Epic cautions against irresponsible data-sharing

Health & Living

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VERONA, WIS.—Judy Faulkner and other leaders from Epic System Corp. issued words of warning about the data-management practices of companies outside of healthcare, urging customers to be wary of products claiming to do anything for free.

These companies often do not comply with HIPAA and they sometimes steer patients toward inappropriate services or share too much data, as Facebook did with Cambridge Analytica, Faulkner said at Epic's users group meeting where she donned a scout costume, duck boots, and a ranger hat to celebrate the meeting's "great outdoors" theme.

When companies say their services are free, it might be because they're selling personal data, Epic officials alleged.

For its part, Epic will soon have a feature intended to help patients decide which third-party apps to share their health data with. If a patient wants to pull data from Epic's MyChart patient portal into a third-party app, Epic will tell the patient who made the app and what it does with their data.

Within its own software, Epic aims to increase data-sharing across its community of users. The vendor currently facilitates the exchange of 3.5 million records every day, up from 2 million daily records as of the users group meeting in 2017. More than 1 million of those records are exchanged with other vendors' systems.

Faulkner called for "one organization, one system"—a way for all Epic users to interact as if they were on the same virtual version of the software.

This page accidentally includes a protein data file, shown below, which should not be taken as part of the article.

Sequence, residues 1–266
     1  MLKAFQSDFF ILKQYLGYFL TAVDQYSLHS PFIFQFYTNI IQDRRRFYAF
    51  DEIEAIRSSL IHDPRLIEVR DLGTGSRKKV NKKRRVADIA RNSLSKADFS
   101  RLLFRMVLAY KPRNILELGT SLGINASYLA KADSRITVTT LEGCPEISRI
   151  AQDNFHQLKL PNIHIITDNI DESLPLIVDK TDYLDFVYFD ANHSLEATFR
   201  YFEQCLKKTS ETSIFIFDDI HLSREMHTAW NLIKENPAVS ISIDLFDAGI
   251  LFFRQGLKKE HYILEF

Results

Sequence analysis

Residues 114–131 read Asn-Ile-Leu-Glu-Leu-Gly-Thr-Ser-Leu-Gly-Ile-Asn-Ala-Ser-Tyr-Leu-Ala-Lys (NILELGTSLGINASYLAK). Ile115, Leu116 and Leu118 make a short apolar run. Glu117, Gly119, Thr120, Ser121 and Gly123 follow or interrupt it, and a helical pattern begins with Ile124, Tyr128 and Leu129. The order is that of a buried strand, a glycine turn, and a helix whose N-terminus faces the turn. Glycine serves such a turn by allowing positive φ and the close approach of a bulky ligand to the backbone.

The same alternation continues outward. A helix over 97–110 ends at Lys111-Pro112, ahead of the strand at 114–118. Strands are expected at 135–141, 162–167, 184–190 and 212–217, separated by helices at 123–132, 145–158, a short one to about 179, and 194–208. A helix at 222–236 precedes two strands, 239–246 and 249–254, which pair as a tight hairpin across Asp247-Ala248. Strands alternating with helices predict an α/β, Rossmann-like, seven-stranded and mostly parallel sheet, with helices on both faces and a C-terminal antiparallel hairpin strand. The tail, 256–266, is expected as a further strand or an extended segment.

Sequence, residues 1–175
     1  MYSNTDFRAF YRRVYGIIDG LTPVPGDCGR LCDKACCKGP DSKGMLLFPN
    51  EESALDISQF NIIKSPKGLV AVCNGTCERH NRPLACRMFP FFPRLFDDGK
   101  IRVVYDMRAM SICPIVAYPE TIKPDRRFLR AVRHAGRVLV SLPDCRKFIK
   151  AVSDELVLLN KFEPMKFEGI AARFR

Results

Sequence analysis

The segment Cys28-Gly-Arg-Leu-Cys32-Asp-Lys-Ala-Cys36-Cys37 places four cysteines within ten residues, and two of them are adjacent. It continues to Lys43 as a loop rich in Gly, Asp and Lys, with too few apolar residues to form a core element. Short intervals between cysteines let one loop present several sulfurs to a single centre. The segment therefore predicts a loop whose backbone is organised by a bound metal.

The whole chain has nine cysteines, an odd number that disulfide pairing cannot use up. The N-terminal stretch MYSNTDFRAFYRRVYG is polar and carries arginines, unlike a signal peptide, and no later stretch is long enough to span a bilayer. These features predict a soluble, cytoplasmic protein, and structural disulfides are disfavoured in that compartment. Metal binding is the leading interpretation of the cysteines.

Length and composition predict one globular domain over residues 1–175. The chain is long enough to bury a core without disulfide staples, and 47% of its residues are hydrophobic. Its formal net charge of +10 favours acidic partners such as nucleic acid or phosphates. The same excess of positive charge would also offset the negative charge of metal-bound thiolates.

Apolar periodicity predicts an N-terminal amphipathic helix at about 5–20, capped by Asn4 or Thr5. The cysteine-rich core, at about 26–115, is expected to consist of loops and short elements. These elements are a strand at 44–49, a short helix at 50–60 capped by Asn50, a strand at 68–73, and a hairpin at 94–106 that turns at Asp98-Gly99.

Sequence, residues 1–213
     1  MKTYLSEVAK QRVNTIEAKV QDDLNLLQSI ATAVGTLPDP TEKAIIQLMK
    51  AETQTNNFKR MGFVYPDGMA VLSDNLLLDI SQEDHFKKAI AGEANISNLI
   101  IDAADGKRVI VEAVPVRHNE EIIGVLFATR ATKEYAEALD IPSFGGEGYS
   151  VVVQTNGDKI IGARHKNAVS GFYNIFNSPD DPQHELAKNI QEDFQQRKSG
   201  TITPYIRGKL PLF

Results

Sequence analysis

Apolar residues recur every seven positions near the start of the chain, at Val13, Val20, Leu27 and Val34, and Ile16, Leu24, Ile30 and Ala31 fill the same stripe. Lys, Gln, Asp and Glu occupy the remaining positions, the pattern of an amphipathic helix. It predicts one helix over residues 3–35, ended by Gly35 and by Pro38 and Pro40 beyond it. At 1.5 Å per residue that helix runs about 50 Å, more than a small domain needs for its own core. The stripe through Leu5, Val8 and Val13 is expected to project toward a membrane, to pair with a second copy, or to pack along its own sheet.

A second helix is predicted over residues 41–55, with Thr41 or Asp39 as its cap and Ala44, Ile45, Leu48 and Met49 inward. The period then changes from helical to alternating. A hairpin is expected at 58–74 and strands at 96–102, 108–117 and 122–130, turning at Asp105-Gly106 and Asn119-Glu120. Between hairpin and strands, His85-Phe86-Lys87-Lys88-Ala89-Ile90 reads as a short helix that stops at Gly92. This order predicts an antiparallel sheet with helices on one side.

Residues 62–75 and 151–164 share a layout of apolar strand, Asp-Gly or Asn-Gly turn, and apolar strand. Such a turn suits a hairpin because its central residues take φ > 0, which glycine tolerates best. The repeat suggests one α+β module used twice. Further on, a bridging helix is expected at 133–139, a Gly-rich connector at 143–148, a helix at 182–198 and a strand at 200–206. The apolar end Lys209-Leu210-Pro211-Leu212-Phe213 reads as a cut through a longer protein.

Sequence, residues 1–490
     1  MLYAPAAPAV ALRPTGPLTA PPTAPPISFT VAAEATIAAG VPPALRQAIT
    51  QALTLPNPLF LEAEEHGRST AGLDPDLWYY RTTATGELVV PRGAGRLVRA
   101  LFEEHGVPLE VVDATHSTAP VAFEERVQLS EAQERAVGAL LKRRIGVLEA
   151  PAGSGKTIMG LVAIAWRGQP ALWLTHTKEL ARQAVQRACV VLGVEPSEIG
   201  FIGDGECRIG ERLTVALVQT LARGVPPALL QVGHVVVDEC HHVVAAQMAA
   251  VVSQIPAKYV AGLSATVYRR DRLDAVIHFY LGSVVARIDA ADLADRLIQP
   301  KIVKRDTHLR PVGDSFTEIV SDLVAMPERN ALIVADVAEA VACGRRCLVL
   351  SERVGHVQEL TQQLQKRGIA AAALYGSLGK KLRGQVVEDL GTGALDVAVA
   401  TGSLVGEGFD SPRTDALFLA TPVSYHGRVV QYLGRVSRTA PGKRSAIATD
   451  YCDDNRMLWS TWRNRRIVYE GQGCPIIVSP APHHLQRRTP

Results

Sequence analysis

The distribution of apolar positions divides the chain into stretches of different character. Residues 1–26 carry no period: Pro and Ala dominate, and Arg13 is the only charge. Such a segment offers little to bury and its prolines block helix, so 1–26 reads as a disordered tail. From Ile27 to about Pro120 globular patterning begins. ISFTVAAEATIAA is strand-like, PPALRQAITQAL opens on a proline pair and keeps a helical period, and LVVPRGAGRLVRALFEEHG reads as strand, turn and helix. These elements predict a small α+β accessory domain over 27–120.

"Eventually, the standards will come," she said, to include organizations not using Epic in that virtual system.

In the meantime, Epic will work on incremental improvements to its own software, including automated estimates for treatment plans and giving patients the ability to estimate costs without logging in to MyChart.

The vendor also touched on regulations, which include greater interoperability.

Speaking about the CMS' new Promoting Interoperability Programs, which takes the place—or at least is a new name for—the EHR Incentive Programs, Sasha TerMaat, a director at Epic, compared it to the word formed by the first letters of the program's first two words, "pi." Like pi, she said, Promoting Interoperability is irrational, never-ending, and people remember only the first part.

Joking aside, TerMaat encouraged the audience to keep their Epic software up to date.

The current version of the software, released this month, has some of the features the company announced last year, including a limited voice assistant developers say will grow more robust in coming releases. Eventually, for instance, nurses will be able to search patient charts using voice, as well as initiate chats and calls.

Some of the capabilities are reminiscent of what Amazon and Google allow for consumers with their voice assistants. Though those speaking for Epic never said the names of these companies and other could-be competitors aloud, their names did appear on screen, pulled from healthcare publications' headlines.

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